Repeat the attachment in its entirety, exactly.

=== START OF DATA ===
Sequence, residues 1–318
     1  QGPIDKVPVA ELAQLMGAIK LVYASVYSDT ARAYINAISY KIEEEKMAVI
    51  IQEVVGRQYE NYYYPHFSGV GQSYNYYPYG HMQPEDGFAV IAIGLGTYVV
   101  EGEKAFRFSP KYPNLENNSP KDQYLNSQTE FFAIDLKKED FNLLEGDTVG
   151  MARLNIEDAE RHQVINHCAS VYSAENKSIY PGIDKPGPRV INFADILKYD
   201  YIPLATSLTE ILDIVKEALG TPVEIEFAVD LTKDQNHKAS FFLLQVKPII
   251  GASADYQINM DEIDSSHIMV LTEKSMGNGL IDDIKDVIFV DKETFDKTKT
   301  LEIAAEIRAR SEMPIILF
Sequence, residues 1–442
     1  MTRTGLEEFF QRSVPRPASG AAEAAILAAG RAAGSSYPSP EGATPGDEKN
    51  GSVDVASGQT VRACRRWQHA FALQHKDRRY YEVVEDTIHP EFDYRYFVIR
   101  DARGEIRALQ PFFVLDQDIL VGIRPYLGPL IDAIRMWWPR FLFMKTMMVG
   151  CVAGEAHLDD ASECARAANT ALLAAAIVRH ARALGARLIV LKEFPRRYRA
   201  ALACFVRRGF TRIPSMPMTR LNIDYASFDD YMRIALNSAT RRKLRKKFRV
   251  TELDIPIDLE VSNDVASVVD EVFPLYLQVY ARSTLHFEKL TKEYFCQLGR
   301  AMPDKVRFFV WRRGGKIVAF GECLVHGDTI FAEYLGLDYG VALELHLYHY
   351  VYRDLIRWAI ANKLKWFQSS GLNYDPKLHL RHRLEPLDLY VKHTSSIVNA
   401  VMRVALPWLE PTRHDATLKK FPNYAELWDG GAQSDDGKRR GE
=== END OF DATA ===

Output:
Sequence, residues 1–318
     1  QGPIDKVPVA ELAQLMGAIK LVYASVYSDT ARAYINAISY KIEEEKMAVI
    51  IQEVVGRQYE NYYYPHFSGV GQSYNYYPYG HMQPEDGFAV IAIGLGTYVV
   101  EGEKAFRFSP KYPNLENNSP KDQYLNSQTE FFAIDLKKED FNLLEGDTVG
   151  MARLNIEDAE RHQVINHCAS VYSAENKSIY PGIDKPGPRV INFADILKYD
   201  YIPLATSLTE ILDIVKEALG TPVEIEFAVD LTKDQNHKAS FFLLQVKPII
   251  GASADYQINM DEIDSSHIMV LTEKSMGNGL IDDIKDVIFV DKETFDKTKT
   301  LEIAAEIRAR SEMPIILF
Sequence, residues 1–442
     1  MTRTGLEEFF QRSVPRPASG AAEAAILAAG RAAGSSYPSP EGATPGDEKN
    51  GSVDVASGQT VRACRRWQHA FALQHKDRRY YEVVEDTIHP EFDYRYFVIR
   101  DARGEIRALQ PFFVLDQDIL VGIRPYLGPL IDAIRMWWPR FLFMKTMMVG
   151  CVAGEAHLDD ASECARAANT ALLAAAIVRH ARALGARLIV LKEFPRRYRA
   201  ALACFVRRGF TRIPSMPMTR LNIDYASFDD YMRIALNSAT RRKLRKKFRV
   251  TELDIPIDLE VSNDVASVVD EVFPLYLQVY ARSTLHFEKL TKEYFCQLGR
   301  AMPDKVRFFV WRRGGKIVAF GECLVHGDTI FAEYLGLDYG VALELHLYHY
   351  VYRDLIRWAI ANKLKWFQSS GLNYDPKLHL RHRLEPLDLY VKHTSSIVNA
   401  VMRVALPWLE PTRHDATLKK FPNYAELWDG GAQSDDGKRR GE